Nancy Pelosi Confirms Trip to Asia, But No Mention of Taiwan

BEIJNG — The speaker of the U.S. House of Representatives, Nancy Pelosi, confirmed Sunday she will visit four Asian countries this week but made no mention of a possible stop in Taiwan that has fueled tension with Beijing, which claims the island democracy as its own territory.

Pelosi said in a statement she is leading a congressional delegation to Singapore, Malaysia, South Korea and Japan to discuss trade, the COVID-19 pandemic, climate change, security and “democratic governance.”

Pelosi is yet to comment on news reports that Pelosi might be visiting Taiwan. Chinese President Xi Jinping warned against meddling in Beijing’s dealings with the island in a phone call Thursday with his American counterpart, Joe Biden.

Beijing sees official American contact with Taiwan as encouragement to make its decades-old de facto independence permanent, a step U.S. leaders say they don’t support. Pelosi is the head of one the three U.S. governments branches. He would be the highest ranking elected American official to have visited Taiwan since Newt Gingrich, the then-Speaker, in 1997.

The Biden administration didn’t explicitly urge Pelosi to avoid Taiwan but tried to assure Beijing there was no reason to “come to blows” and that if such a visit occurred, it would signal no change in U.S. policy.

“Under the strong leadership of President Biden, America is firmly committed to smart, strategic engagement in the region, understanding that a free and flourishing Indo-Pacific is crucial to prosperity in our nation and around the globe,” Pelosi’s statement said.

In 1949, Taiwan and China were divided by communists who won civil war against the mainland. Although they claim to be one country, the two sides disagree on who is allowed to lead their respective national governments. Although they do not have official relations, their trade and investment connections are worth billions of dollars.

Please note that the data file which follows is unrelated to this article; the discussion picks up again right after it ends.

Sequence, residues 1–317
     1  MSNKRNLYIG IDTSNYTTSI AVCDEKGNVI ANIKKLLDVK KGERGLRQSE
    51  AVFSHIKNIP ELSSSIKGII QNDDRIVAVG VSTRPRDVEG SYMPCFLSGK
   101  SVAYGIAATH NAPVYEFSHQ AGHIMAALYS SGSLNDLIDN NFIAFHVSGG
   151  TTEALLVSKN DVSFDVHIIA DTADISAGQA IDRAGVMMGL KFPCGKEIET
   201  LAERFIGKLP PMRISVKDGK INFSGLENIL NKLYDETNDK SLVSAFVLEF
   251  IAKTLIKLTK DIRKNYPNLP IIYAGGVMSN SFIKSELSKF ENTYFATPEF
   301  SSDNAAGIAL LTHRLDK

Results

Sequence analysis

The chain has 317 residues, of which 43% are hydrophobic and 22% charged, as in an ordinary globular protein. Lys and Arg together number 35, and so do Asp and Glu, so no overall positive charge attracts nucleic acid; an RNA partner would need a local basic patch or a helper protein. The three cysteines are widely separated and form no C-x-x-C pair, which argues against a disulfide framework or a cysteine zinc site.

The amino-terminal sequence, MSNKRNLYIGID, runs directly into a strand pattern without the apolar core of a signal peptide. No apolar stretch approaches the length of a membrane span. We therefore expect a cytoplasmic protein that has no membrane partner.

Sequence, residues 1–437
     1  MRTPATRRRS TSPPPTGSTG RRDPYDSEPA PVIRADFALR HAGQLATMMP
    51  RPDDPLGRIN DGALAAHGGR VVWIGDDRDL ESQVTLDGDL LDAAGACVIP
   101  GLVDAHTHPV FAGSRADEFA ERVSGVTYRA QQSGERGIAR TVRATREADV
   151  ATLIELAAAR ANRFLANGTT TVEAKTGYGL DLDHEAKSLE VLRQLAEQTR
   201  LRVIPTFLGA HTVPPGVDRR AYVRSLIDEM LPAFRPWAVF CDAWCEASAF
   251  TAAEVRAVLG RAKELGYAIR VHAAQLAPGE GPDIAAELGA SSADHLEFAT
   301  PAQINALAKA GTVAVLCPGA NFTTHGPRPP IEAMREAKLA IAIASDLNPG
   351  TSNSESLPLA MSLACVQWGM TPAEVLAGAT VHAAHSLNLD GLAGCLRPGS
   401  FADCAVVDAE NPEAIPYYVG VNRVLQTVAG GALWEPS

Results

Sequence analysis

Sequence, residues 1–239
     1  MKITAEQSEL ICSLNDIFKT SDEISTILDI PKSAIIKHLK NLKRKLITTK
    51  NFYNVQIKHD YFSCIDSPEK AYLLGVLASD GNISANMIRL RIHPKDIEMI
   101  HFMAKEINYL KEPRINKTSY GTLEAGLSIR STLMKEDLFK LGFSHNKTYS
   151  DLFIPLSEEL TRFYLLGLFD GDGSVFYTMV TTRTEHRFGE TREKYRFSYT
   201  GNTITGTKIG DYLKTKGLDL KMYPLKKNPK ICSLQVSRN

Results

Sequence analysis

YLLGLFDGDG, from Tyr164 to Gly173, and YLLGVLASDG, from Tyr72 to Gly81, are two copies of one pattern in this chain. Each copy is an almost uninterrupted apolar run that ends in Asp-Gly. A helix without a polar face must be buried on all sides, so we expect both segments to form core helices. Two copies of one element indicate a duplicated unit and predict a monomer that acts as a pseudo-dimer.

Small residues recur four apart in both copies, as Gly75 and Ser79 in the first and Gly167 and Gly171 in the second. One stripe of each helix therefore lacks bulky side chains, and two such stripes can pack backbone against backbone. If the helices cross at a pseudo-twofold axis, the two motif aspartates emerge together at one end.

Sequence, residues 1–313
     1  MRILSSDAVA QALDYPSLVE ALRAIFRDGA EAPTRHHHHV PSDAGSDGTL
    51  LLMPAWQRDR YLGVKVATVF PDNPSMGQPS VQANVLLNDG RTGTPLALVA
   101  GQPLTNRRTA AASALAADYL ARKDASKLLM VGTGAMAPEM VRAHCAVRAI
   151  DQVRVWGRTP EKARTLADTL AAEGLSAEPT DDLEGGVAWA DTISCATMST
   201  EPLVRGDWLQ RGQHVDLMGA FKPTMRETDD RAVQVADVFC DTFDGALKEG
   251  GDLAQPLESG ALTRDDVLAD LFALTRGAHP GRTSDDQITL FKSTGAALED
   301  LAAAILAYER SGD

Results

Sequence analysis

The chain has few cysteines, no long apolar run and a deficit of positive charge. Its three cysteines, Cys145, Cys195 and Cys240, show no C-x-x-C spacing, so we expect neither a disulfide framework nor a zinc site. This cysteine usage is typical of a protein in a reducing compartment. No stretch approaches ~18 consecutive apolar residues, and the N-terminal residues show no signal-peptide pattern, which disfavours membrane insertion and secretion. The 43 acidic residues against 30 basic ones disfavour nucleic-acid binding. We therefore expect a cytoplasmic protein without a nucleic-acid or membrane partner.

Although the United States moved diplomatic recognition of Taipei to Beijing from 1979, they maintain informal relations with the island. Washington has a federal obligation to make sure Taiwan can defend itself.

Washington’s “One China policy” says it takes no position on the status of the two sides but wants their dispute resolved peacefully. Beijing promotes an alternative “One China principle” that says they are one country and the Communist Party is its leader.

Members of Congress publicly backed Pelosi’s interest in visiting Taiwan despite Chinese opposition. They don’t want to be seen to yield to Beijing.

Beijing has given no details of how it might react if Pelosi goes to Taiwan, but the Ministry of Defense warned last week the military would take “strong measures to thwart any external interference.” The foreign ministry said, “those who play with fire will perish by it.”

The ruling party’s military wing, the People’s Liberation Army, has flown growing numbers of fighter planes and bombers around Taiwan to intimidate the island.

“The Air Force’s multi-type fighter jets fly around the treasured island of the motherland, tempering and enhancing the ability to maintain national sovereignty and territorial integrity,” military spokesman Col. Shen Jinke said on Sunday, referring to Taiwan.

Pelosi said her delegation includes U.S. Reps. Gregory Meeks, chairman of the House Foreign Affairs Committee; Mark Takano, chairman of the House Committee on Veterans’ Affairs; Suzan DelBene, vice chair of the House Ways and Means Committee; Raja Krishnamoorthi, a member of the House Permanent Select Committee on Intelligence and chair of the Subcommittee on Economic and Consumer Policy of the House Committee on Oversight and Reform, and Andy Kim, a member of the House Armed Services and Foreign Affairs Committees.

Pelosi’s career highlight would be Taiwan, as she increasingly makes use of her role in Congress to serve the U.S. diplomatic mission on the international stage. Since China has been a long-standing challenge to human rights in China, she had hoped to visit Taiwan this year.

Pelosi was a freshman member of Congress and unveiled a banner in Tiananmen Square to commemorate those killed by the Communist Party during pro-democracy protests.

“It’s important for us to show support for Taiwan,” Pelosi, a Democrat from California, told reporters this month.

She made it clear that she wasn’t advocating U.S. policy change.

“None of us has ever said we’re for independence, when it comes to Taiwan,” she said. “That’s up to Taiwan to decide.”

John Kirby, spokesperson for the National Security Council tried to calm concerns on Friday.

“There’s no reason for it to come to that, to come to blows,” Kirby said at the White House. “There’s no reason for that because there’s been no change in American policy with respect to One China.”

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